Saturday July 20, 2024

Not an elitist festival

The KLF encompasses fields ranging from economy and education to gender and human rights

By Dr Naazir Mahmood
February 26, 2024
This screenshot is taken from a Facebook video released on February 18, 2024. In this screenshot, participants on stage at the Karachi Literature Festival are interacting with the audience. — Facebook/Karachi & Islamabad Lit Fests
This screenshot is taken from a Facebook video released on February 18, 2024. In this screenshot, participants on stage at the Karachi Literature Festival are interacting with the audience. — Facebook/Karachi & Islamabad Lit Fests

Despite all the criticism for being an ‘elite’ show for ‘burger’ families, the Karachi Literature Festival (KLF) organized by the Oxford University Press (OUP) remains a fest for those interested in topics much beyond literature.

The KLF encompasses fields ranging from economy and education to gender and human rights. The 15th KLF was even more significant as it invited a sharp critic of Israeli atrocities – a British citizen of Palestinian origin Selma Dabbagh. She exposed the hypocrisy with which most of the West – including the EU, UK, and US – has been blatantly supporting the Zionist regime; more on her later.

From February 16 to 18, the KLF featured 200 activists, analysts, communicators, development professionals, doctors, educationists, finance wizards, experts from abroad, gender trainers, historians, human resource managers, and of course literacy personalities.

Since 2018, Arshad Saeed Khan has been leading the OUP team, and with Raheela Baqai and Muniza Ali, the KLF has expanded its accomplishments and outreach. This year, in the opening ceremony nobody expected the German and US diplomats to mention the besieged strip under relentless bombardment – and they did not.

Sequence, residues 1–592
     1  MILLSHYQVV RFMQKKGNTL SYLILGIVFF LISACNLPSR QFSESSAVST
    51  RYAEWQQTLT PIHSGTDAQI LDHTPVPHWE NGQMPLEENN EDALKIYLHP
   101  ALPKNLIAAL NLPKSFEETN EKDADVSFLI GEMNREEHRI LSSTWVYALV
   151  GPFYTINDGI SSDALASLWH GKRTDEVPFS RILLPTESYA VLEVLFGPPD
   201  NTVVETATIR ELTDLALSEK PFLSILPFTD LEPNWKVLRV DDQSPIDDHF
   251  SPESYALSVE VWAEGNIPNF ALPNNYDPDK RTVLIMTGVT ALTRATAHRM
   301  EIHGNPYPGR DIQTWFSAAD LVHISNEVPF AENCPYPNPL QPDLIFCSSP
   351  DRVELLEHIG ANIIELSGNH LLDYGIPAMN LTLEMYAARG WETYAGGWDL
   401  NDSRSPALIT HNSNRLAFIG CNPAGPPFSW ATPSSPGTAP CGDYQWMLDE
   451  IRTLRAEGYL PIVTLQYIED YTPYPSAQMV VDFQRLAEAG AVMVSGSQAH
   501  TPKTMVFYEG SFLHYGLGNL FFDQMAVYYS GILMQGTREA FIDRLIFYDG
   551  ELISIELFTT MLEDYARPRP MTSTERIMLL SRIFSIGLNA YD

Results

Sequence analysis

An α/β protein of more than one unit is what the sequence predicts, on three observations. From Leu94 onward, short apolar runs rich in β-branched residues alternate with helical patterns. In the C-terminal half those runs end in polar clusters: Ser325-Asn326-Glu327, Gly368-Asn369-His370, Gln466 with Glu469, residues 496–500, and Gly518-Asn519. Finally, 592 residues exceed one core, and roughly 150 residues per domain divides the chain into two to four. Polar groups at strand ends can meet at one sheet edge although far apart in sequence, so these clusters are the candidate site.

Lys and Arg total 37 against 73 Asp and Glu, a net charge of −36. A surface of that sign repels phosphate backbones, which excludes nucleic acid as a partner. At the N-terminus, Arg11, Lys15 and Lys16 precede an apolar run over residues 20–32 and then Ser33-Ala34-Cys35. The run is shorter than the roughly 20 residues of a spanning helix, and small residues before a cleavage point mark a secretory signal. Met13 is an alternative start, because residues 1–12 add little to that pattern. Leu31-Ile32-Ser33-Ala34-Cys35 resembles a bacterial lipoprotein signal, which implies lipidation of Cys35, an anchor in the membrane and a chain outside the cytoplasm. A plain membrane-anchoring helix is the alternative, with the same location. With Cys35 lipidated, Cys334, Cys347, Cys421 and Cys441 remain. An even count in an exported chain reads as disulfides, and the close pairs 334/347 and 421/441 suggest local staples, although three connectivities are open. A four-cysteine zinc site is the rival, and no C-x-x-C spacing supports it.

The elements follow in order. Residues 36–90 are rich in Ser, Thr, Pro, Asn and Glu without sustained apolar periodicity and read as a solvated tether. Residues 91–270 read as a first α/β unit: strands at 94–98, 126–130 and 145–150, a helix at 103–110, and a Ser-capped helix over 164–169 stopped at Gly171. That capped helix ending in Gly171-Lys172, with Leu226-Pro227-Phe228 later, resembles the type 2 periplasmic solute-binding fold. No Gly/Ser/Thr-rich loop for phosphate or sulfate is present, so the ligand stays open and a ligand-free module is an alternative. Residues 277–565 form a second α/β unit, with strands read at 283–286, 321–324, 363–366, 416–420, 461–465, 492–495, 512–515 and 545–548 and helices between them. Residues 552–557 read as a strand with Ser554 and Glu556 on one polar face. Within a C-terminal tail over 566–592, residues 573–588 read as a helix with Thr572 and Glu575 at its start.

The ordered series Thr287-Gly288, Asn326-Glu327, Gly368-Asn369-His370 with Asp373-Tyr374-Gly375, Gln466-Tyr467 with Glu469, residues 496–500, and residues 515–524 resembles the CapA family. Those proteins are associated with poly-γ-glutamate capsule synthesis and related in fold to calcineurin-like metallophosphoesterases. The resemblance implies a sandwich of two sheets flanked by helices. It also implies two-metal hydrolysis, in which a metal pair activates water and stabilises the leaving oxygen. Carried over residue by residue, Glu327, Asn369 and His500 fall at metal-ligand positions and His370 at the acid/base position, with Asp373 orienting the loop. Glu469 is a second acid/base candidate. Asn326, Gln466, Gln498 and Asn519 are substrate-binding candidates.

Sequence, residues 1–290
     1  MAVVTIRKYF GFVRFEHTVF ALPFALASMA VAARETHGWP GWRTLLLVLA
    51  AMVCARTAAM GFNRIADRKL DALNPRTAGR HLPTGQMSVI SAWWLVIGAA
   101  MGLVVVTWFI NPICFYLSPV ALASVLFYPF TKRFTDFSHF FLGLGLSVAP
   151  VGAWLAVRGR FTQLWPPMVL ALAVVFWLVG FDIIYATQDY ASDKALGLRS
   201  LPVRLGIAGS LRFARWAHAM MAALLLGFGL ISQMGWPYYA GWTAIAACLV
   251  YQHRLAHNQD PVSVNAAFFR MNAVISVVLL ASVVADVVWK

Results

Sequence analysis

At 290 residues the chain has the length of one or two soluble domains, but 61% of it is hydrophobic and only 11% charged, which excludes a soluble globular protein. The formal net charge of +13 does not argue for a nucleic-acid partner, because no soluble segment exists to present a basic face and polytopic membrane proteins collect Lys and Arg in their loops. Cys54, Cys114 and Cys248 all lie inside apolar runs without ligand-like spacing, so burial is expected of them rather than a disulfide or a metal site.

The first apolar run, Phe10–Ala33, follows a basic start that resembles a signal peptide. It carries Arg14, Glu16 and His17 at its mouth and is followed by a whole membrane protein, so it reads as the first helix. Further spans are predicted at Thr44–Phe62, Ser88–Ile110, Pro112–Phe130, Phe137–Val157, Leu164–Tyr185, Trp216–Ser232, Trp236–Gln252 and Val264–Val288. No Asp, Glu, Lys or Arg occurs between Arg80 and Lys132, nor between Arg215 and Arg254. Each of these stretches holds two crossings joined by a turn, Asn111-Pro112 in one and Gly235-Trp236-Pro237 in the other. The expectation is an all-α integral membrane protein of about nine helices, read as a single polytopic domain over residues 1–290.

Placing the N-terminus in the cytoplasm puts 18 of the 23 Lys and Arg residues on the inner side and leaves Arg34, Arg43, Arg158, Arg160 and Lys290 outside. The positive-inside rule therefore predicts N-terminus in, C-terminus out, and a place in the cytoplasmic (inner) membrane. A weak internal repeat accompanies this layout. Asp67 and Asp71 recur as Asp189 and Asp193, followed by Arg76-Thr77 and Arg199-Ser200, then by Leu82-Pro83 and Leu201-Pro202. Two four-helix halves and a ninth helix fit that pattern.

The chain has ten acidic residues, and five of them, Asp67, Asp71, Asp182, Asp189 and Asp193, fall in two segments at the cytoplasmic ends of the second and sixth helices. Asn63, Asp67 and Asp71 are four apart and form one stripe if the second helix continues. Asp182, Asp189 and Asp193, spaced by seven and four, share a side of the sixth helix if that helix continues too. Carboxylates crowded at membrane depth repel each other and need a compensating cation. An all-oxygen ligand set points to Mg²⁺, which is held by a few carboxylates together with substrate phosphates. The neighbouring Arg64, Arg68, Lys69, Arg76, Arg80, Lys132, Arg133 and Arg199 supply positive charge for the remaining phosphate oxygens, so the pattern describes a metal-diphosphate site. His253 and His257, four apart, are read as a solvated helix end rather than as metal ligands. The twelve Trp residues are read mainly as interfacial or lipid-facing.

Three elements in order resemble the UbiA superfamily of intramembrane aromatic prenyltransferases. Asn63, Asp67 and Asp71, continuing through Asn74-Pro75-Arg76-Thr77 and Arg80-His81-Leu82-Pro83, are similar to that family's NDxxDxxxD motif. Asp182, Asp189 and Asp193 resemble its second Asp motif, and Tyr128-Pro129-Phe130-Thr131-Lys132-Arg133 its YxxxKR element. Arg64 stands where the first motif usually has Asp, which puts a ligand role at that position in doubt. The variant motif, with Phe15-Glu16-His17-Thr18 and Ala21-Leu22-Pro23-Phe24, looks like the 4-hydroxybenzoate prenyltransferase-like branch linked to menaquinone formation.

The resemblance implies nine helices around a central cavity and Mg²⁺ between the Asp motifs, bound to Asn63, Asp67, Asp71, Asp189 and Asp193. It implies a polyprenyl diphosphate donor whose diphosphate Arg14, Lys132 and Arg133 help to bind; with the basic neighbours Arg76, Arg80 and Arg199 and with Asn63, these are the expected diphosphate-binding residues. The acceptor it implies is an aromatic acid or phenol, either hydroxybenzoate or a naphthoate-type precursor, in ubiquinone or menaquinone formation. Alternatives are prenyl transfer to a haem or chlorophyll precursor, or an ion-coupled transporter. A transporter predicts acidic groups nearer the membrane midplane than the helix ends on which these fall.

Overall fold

But it was a pleasant surprise when the consul general of France talked about human rights violations the world over, especially the killings of thousands of innocent people in recent months.

Keynote speeches by Arif Hasan and Selma Dabbagh stole the show. Arif Hasan is a renowned activist and architect who needs no introduction, thanks to his immense contribution to teaching, planning, and research that he has presented in dozens of books and hundreds of articles and essays.

His keynote at the opening ceremony revolved around the theme of sustainability which he elaborated on in his peculiar style by exposing the exploitative nature of the global economy that the neoliberal narrative has expounded. He reminded the audience that at times, civil society organizations (CSOs) and non-government organizations (NGOs) in developing countries end up promoting the same agenda, and such organizations are a relatively new phenomenon.

Selma Dabbagh’s speech was a real tour de force of the event. As a British-Falesteeni lawyer and writer, she has been a prominent voice for the rights of the Falesteeni and a strong critic of the West for its support to such war crimes. After the 2008 war, her novel ‘Out of It’ attracted wide attention and received a nomination for a Guardian Book of the Year award in 2011.

In her address at the KLF, Selma called the ongoing violence in ME an exceptional series of atrocities that has no parallel in history. She added that over a period of five months, thousands of innocent children, senior citizens, and women have become victims of a planned and systematic campaign of extermination while the world keeps watching.

The KLF also organized specific sessions to remember the legends that we lost recently. The session on Ahmad Salim and Babar Ayaz discussed the contributions of the two writers who promoted enlightenment in society in their way. While Ahmad Salim compiled and wrote over 100 books, Babar Ayaz focused more on journalism and public relations.

Both were activists too with a communication style of their own. They defended human rights and espoused fairness in society. Among other panellists, Nausheen Ahmad, a prominent barrister, was exceptionally good in paying her rich tributes to Babar Ayaz.